Author: Alba Roldan
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and more about Dr Roldan’s research here
Public debt – Sustainability – Spain
Public debt in Spain accounts for 117.7% of GDP (data from the first quarter of 2022). Spain has one of the world’s worst records as a serial defaulter (Comín, 2016). Proof of this are the five centuries of irresponsibility: from Phillip II (1557) to the autonomy of the Bank of Spain. Spain has constantly used heterodox tools to solve debt problems: repudiation, restructuring, monetisation, inflation or financial repression. It is for this reason that debt sustainability has always been an important issue for Spain. The Spanish case is a popular topic among global experts due to the country’s long experience in debt crises.
Figure 1. Public debt evolution and debt restructurings, 1850-1913
Source: Comín and Díaz (2005, p. 961; 2012) and Prados de la Escosura (2003)
Spain had constant deficits and huge amounts of debt during the last decades of nineteenth century, making it difficult to keep the exchange rate stable and maintain fiscal discipline during a period of fiscal discipline and fixed exchange rates in most European economies (the gold standard era). What happened to the public debt? Was it sustainable?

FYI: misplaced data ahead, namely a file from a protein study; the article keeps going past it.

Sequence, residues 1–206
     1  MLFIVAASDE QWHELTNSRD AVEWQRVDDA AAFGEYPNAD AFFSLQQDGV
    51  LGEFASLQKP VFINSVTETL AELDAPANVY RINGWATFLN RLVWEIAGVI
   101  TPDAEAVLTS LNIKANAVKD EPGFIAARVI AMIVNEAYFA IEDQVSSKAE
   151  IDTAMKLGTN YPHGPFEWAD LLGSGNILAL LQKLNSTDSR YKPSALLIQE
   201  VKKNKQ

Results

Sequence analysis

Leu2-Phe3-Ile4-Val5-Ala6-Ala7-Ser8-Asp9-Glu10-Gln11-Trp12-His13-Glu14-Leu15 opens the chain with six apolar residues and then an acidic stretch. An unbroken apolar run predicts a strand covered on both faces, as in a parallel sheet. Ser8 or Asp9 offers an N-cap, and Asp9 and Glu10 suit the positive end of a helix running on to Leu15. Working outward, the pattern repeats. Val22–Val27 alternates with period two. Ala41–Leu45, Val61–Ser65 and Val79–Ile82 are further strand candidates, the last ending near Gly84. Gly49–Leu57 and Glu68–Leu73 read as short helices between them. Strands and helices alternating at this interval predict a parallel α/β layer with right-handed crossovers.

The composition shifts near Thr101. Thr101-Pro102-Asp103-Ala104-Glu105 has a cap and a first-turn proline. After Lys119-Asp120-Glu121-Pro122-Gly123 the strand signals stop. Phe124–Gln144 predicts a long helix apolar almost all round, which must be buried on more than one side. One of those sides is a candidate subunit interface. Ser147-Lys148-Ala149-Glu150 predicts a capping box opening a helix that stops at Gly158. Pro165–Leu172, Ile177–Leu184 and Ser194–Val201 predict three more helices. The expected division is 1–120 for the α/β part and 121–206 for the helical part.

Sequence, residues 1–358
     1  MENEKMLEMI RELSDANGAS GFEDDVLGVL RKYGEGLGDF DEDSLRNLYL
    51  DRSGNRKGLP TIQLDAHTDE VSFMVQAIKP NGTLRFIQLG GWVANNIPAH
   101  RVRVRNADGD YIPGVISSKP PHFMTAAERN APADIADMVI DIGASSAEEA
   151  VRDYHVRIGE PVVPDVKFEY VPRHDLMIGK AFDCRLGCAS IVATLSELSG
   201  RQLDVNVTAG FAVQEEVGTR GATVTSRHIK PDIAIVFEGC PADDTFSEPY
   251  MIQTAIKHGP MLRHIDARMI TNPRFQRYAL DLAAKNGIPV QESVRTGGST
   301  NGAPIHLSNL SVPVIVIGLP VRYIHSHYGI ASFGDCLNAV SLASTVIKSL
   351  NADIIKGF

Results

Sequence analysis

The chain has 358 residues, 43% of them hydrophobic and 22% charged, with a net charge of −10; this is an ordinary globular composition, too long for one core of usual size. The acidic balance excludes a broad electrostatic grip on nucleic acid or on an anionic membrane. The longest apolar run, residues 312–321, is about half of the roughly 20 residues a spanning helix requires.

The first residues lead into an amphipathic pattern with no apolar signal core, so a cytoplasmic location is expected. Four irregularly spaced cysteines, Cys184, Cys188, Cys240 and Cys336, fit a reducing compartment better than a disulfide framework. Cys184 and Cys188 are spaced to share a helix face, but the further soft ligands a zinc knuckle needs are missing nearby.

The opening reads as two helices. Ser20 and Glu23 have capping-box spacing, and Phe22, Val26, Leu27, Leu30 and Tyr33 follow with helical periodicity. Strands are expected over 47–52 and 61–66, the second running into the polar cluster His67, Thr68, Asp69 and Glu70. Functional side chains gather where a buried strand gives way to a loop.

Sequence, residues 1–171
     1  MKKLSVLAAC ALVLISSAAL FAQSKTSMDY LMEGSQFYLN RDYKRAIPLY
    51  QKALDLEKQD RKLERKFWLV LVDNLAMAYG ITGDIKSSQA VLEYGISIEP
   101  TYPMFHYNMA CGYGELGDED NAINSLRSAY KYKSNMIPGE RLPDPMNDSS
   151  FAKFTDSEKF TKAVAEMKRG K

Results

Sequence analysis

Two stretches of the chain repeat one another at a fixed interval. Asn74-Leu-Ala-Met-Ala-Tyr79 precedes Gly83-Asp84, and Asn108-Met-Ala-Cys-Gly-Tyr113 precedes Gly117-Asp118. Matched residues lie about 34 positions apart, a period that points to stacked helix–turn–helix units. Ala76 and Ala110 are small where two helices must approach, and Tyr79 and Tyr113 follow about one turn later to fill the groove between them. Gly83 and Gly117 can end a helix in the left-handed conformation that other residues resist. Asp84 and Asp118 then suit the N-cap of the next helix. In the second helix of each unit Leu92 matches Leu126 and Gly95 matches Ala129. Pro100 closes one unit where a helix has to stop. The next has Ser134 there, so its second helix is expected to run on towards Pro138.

First, the paper analyses if there are breakpoints in public debt development according to fiscal reaction function (Bohn, 2007). Bai-Perron test shows two breakpoints: 1876 and 1902. According to historiography, first breakpoint (1876) is related with two debt restructurings (the first one carried out by Salaverría and the second by Camacho). The second breakpoint is linked to a third debt restructuring managed by Fernández Villaverde and considered more than a debt restructuring because he made important efforts to improve both monetary and fiscal problems.
Second, the paper studies debt sustainability considering the breakpoints found in the first point. The results underline that public debt was not sustainable between 1850 and 1902. From 1902, Spanish public debt became sustainable. This can be linked with a change in economic policies introduced by Fernández Villaverde who considered both a decrease in public spending and an increase in revenues were needed.
Third, the paper presents different estimations that corroborate the idea that debt became sustainable from 1902. Moreover, these analysis show that even when it was not enough during the seventies and early eighties there were efforts to improve public debt sustainability.
Finally, narrative evidence potentiate the results found. Fernández Villaverde decreased short term debt (more expensive) and increase long term debt (cheaper). He also managed to reduce the burden of the debt and increase direct taxes. The yields on government bonds decreased and converged with the UK yields on government bonds.
Figure 2. Debt structure between 1874 and 1913.
Source: Comín (2016/2017b)
Figure 3. Burden of public debt between 1876 and 1913
Source: Comin (2016/2017b)